Despite the rise of ETFs and index funds, the AP recently reported that investors are still putting money into actively managed foreign stock funds which have attracted $68 billion over the last year. In contrast and over the last 12 months, investors withdrew a net $92 billion from actively managed US stock funds while depositing $156 billion into funds that track the S&P 500 and other US stock indexes.
One possible explanation for the difference is that many investors believe they have more opportunities to capitalize on mispriced stocks in foreign markets than in domestic ones and are willing to pay the higher fund manager fees that actively managed funds come with in order to profit from those markets.
To read the whole article, Investors say ‘bye,’ but not ‘ciao,’ to stock pickers, go to the website of the Associated Press.
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- Investors Rethink Emerging Market ETFs (FT)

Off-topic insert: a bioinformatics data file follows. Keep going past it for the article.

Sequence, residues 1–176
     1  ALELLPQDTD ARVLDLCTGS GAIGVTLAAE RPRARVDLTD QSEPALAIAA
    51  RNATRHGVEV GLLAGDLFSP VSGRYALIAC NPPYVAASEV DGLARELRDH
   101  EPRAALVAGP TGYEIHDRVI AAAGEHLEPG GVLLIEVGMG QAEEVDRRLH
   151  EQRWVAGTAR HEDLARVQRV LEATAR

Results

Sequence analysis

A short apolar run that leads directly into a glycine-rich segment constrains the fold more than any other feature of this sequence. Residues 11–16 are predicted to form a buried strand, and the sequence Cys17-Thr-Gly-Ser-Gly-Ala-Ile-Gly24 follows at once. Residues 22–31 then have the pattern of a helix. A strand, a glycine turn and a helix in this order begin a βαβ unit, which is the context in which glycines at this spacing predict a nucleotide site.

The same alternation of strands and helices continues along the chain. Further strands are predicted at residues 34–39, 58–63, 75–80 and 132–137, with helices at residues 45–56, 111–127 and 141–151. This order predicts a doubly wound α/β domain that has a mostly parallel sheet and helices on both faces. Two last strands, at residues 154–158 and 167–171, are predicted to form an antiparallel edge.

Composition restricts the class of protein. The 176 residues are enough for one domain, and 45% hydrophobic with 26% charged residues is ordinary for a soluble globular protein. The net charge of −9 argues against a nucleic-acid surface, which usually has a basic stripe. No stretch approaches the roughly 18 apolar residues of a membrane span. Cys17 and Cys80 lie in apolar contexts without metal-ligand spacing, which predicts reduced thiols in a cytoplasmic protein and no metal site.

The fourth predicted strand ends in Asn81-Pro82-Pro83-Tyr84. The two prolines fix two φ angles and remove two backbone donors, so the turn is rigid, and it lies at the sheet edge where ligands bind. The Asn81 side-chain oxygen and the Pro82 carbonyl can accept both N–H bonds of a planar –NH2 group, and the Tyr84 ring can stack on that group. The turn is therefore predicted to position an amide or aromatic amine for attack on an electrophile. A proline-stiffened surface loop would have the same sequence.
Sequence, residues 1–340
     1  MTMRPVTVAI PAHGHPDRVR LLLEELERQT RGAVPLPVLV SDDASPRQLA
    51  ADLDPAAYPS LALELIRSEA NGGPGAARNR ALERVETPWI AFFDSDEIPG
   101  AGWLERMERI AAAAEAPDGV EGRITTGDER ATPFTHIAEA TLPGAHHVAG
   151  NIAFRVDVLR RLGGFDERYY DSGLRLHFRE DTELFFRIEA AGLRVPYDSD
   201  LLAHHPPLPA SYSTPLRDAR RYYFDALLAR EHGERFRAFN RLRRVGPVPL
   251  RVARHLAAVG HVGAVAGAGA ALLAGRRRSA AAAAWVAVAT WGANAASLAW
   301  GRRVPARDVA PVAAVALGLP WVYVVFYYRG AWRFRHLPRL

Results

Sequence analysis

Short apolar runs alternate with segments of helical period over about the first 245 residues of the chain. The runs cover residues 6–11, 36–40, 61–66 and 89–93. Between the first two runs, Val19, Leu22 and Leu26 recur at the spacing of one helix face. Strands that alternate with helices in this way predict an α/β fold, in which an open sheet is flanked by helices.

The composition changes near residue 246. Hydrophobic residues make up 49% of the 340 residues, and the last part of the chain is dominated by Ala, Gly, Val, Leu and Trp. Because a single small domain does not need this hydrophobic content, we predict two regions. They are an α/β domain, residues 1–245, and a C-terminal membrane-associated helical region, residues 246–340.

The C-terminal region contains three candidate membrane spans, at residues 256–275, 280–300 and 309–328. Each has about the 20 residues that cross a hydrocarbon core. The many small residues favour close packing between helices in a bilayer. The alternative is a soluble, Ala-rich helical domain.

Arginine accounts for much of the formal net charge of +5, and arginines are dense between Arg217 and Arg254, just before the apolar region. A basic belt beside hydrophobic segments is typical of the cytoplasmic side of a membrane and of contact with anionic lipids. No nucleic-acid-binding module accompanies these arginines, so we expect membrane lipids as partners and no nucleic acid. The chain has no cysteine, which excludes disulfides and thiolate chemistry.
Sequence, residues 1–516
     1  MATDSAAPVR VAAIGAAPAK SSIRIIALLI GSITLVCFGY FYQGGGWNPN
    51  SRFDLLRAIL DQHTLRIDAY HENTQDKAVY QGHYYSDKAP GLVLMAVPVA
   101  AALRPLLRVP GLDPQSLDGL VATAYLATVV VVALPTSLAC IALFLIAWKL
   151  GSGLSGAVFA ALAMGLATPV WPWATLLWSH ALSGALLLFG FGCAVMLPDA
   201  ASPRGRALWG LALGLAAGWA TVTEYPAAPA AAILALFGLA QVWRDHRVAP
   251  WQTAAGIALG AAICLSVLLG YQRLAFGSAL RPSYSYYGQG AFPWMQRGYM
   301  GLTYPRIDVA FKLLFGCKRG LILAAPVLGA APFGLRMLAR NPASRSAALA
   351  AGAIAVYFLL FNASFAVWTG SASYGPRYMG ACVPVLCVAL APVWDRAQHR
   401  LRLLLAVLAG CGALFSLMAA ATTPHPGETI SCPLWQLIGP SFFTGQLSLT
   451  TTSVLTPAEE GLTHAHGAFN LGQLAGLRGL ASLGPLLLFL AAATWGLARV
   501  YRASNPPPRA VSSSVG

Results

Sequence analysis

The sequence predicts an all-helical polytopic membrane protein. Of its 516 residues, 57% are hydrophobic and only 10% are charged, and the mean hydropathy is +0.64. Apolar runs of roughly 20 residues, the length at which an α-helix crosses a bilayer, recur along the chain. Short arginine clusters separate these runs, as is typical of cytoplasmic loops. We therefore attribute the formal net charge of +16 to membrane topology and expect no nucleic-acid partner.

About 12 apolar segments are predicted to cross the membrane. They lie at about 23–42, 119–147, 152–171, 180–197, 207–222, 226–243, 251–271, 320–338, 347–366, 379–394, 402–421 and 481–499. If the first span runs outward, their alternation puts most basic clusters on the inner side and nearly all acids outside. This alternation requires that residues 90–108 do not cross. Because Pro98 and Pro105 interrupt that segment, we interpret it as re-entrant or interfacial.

- Graph: The Structure of Russia’s Foreign Debt (Research Affiliates)
- How MSCI’s Global Investable Market Indexes Methodology Influences Trillions of Dollars (Kraneshares)
- Saudi Arabia’s Tadawul Stock Market and Foreign Investment (AFC)
- Thai Bourse Aims for ‘Sexy’ IPOs to Boost Appeal for Investors (Nikkei Asia)
- India to Offer More Investment Options Through ADRs (The Asset)
- Emerging Markets Back in Favour Among European Investors (Citywire)
- Prudent Ways to Invest in Frontier Markets (WSJ)
- Margetts Fund Management Manager: Emerging Markets Rally Has Gone Too Far (FE Trustnet)
- Will Frontier Markets Follow the Same Emerging Market Pattern? (The Telegraph)
- Sovereign Wealth Funds Increase Investments in Emerging Markets (SCMP)
- Jupiter’s Croft: If History Repeats Itself, Russian Stocks Could Double (FE Trustnet)
- Falling Oil Prices Puts a Spotlight on Malaysia’s Debt (Reuters)
- China’s Year of the Dog Bounds Into View (Allianz Global Investors)